Often, careful analysis of the campaign results can help identify these “bot clicks” due to one of the following patterns:

  • Recipient has clicked on every single link (inc. all the social buttons in the footer).
  • Recipient has only clicked the first link, even though it’s not the main CTA.
  • Recipient has clicked one of the links multiple times (5+ is suspicious).

There are some steps you can take to mitigate these issues. For example, we insert a hidden “dummy” link at the top of our emails so that we can assume the only clicks on that link will be artificial ones. However, this is by no means foolproof as the behaviour of these systems can be unpredictable.

Likewise, it’s perfectly possible for a teacher to have appeared to click a link in your email more than five times. Usually this is because they’ve forwarded it onto their colleagues – so ignoring teachers on this basis can mean discounting some of your best leads.

3. Apple’s ‘Mail Privacy Protection’ App – Image Caching

How long has this been happening? This year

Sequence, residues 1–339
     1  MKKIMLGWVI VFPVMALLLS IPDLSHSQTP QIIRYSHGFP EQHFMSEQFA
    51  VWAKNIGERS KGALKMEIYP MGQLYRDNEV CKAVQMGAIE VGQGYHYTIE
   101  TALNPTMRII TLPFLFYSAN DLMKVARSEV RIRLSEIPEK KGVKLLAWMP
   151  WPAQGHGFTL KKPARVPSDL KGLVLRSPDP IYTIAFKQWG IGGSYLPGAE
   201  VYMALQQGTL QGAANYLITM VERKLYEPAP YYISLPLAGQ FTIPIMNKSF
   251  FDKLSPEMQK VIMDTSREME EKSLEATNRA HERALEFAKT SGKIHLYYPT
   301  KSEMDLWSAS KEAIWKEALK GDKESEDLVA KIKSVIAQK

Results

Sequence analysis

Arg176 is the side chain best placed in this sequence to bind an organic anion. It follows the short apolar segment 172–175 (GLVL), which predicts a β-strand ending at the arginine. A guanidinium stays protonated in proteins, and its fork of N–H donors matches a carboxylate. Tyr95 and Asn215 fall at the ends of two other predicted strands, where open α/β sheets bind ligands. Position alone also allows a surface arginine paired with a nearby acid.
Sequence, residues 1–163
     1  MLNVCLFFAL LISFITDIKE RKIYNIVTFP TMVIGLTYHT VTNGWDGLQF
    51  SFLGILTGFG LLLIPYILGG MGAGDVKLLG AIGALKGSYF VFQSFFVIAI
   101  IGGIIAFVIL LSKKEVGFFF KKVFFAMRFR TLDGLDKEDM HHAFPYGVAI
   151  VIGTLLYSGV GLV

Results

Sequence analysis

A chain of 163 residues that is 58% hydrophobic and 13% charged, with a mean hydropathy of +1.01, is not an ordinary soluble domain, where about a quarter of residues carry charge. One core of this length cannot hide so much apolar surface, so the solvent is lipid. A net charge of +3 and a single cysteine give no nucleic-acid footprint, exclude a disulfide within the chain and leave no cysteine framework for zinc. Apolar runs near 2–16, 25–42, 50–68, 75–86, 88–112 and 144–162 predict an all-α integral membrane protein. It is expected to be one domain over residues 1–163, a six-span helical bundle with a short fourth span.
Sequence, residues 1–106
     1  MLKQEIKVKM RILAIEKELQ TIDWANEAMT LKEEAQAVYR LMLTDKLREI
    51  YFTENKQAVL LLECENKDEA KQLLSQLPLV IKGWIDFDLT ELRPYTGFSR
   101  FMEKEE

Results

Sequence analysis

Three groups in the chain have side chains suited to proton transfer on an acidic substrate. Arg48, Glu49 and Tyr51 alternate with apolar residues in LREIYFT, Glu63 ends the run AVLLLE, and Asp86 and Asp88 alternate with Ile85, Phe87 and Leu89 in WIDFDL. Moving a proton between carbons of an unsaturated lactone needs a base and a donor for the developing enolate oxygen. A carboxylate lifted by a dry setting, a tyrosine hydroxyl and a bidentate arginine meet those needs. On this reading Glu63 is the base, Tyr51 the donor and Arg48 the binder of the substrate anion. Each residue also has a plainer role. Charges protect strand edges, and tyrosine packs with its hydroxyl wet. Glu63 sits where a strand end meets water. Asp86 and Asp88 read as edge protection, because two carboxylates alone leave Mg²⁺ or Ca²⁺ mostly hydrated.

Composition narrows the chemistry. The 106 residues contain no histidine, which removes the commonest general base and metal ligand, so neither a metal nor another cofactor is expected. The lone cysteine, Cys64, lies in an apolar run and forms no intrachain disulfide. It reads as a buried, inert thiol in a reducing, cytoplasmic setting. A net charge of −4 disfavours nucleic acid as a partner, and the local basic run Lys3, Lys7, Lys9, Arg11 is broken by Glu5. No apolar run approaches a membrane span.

How Prevalent is this issue? Low but likely to increase very quickly

How hard is it to spot? Impossible

The latest blow to email tracking has been dealt by Apple, whose Mail Privacy Protection (MPP) has been developed in order to hide a user’s IP address so that businesses can’t link it to other online activity or determine their location.

The app works by downloading your email to the user’s device before downloading all of the email’s images and copying them to a new location on the Apple Privacy Cache. As we’ve already discussed, this downloading of images will then automatically register as an email open on your broadcasting platform.

This issue affects any email opened from the Apple Mail app on any device, and seeing as how Apple iPhone, Apple Mail, and Apple iPad account for over 50% of marketing email opens so far this year (the figure is 56% for the education sector) the issue is likely to represent a huge challenge for the entire digital marketing industry in years to come.

Note: When a user first opens the Apple Mail app they will be asked whether or not they want to “Protect Mail activity” or “Don’t Protect Mail activity”. So, it’s not a default setting and we don’t currently have any data around what % of users will choose the protect option.

At the time of writing, reports from around the industry – including at Sprint Education – suggest this is not currently leading to a huge distortion in open rates. However, the app is only available on iOS 15 which was released in September 20th 2021 so the impact is likely to become more prevalent as adoption of iOS 15 increases.

What does this mean for my email marketing?